This is a system where large data are divided into tiny pieces called packets so that they can be sent over a network. It is like separating a book into pages and then sending it a few pages at a time, which are then reassembled elsewhere to remake the complete book. To do this successfully, we must know which book the page belongs to, how many pages there are in all and the order of the pages.

The first step is to separate the book into groups of pages, say 50 pages per package. We put each of the 50 pages into an envelope. This task is performed sequentially so that the first 50 pages go into an envelope together and so on. We put a big number '1' on the envelope so that we know these are the first 50 pages. The next 50 pages get numbered '2' and so on. On each envelope, we also write how many pages it contains. Finally, we write the address of the recipient on the outside along with the sender's address. On delivery, the receiver can count the total number of envelopes, see which envelopes have pages missing and check in what order the pages have to be reassembled. If an envelope is missing, or some pages are missing in an envelope, those can be mailed again by the sender to complete the book. The particular path taken by each envelope does not matter and neither does the order in which they arrive as long as all envelopes are received.

A similar procedure is followed during packet switching in a computer network. Data is divided into small 'bite size' packets, a process called packetizing. Packets are then analyzed by the computer for how many '1's and '0's they have and this information is converted to a number called checksum, which is placed in the packet. If the checksum carried out after the data is received does not match the one sent with the packet, the receiving computer recognizes that an error has occurred and asks for the packet to be sent again. Each packet also has a sequence number that tells the recipient where in the data the packet fits (like the number outside the envelope telling us which are the first 50 pages, etc.). Thus, a complete packet has:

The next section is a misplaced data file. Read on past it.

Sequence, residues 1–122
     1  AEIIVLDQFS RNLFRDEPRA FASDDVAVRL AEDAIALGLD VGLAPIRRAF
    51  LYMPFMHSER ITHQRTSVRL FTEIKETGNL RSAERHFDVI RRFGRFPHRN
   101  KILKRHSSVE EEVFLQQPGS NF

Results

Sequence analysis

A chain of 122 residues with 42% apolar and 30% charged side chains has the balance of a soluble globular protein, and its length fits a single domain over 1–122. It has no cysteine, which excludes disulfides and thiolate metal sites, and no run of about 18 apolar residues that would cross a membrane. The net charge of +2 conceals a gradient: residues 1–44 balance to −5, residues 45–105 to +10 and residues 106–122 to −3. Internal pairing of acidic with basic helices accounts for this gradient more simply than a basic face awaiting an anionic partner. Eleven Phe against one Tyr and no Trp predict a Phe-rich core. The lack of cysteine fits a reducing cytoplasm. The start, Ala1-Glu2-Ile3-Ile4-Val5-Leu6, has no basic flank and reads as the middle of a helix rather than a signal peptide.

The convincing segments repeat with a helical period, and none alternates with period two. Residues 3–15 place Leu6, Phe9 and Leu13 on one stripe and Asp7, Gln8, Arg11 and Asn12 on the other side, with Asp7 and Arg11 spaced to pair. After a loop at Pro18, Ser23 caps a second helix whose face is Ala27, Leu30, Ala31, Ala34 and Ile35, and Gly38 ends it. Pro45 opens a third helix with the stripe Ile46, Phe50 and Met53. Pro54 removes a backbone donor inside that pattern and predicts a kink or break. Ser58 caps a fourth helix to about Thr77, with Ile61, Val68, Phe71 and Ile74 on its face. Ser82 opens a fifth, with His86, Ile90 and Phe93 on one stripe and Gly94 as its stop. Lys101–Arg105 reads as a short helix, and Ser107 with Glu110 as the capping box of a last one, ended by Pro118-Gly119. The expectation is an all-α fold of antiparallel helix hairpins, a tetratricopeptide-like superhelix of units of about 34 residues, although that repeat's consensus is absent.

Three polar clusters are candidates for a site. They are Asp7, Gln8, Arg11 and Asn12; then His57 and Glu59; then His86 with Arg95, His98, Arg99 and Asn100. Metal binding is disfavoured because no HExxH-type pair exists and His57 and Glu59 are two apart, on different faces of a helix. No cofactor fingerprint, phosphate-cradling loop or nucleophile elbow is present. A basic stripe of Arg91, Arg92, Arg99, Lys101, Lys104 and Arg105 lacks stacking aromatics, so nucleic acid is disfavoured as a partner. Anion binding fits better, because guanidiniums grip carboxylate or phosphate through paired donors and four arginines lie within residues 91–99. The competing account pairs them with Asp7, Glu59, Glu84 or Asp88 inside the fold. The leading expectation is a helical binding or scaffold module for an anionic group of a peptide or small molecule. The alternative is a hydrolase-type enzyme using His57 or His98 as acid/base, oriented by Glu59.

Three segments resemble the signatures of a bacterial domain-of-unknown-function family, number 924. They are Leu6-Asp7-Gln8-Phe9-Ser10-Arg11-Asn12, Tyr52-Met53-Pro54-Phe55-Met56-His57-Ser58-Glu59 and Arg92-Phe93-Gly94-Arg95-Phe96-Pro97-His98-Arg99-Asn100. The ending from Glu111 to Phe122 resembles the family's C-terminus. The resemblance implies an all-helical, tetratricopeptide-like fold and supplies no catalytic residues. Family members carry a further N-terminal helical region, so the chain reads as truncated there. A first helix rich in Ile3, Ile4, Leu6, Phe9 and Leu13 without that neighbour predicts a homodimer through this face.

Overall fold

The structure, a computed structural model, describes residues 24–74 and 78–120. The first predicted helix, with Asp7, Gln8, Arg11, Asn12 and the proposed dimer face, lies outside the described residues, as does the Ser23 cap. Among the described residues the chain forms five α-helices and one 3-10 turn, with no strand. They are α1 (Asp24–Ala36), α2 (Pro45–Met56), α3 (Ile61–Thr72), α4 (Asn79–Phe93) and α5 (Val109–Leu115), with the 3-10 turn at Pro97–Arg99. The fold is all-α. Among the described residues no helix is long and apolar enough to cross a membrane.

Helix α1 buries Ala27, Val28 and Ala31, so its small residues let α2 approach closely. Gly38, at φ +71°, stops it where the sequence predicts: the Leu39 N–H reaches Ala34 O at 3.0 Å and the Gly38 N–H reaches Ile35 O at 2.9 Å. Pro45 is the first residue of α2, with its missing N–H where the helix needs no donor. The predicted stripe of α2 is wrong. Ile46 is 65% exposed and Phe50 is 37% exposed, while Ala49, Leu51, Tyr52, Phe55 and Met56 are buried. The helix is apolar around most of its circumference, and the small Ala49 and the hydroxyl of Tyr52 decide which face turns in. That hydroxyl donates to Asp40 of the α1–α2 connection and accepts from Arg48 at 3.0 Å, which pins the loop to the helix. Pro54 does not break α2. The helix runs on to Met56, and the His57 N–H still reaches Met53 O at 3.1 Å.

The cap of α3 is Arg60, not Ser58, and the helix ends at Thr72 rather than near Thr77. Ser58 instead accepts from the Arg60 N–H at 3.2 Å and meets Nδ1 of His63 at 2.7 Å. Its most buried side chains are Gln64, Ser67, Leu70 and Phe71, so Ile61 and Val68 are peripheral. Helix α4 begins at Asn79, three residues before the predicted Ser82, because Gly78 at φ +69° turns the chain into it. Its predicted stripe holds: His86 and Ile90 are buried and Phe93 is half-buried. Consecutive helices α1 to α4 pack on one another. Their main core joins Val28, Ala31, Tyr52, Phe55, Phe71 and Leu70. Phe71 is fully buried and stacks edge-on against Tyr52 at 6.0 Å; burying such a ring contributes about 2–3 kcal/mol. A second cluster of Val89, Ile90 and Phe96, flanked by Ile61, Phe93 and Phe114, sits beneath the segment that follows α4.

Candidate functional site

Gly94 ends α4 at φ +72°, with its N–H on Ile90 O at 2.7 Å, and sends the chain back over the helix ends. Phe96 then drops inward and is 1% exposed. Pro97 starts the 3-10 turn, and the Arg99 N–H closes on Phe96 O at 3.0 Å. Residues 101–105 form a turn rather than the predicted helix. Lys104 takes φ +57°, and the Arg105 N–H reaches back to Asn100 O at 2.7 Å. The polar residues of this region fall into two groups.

• The data
  • The source address (telling us where it is coming from)
  • The destination address (telling us where it has to go)
  • The sequence number (telling us where the packet fits)
  • The checksum for error checking

   Ethernet Top

Logical network topology is the term used to refer to the rules by which data are transmitted on the network. There are a few basic types of network topology, of which Ethernet is the one in common use today.

Any network in use today is like a busy road network, with lots of data packets moving between computers, all through the same cable. The rules of the topology prevent mixing up of data.

The only method that we will really discuss is the Ethernet. (Some of you may have noticed that the network card that is installed in most PCs using a wired connection is also called an Ethernet card.) Ethernet was originally developed by the Xerox Corporation. It was modified several times and has various rules or standards, which are published in various Institute of Electrical and Electronic Engineers (IEEE) publications.

In the Ethernet topology, the basic rules are as follows:

  • All computers on the same wire listen for traffic on the wire
  • They do not transmit if there is traffic
  • If they find a 'quiet time,' the data packets are transmitted
  • If they sense a mix-up of packets, which is called a 'collision,' they stop transmitting data for some time and transmit again during a 'quiet time'

The 'quiet time' is measured in nanoseconds (10−9 s). This set of rules is known as carrier sense multiple access/collision detection and was designed by the IEEE. Because collisions make transmission slow, and the number of collisions depends on the number of computers on the same wire (called the collision domain), network designers prefer to keep less computers on each wire.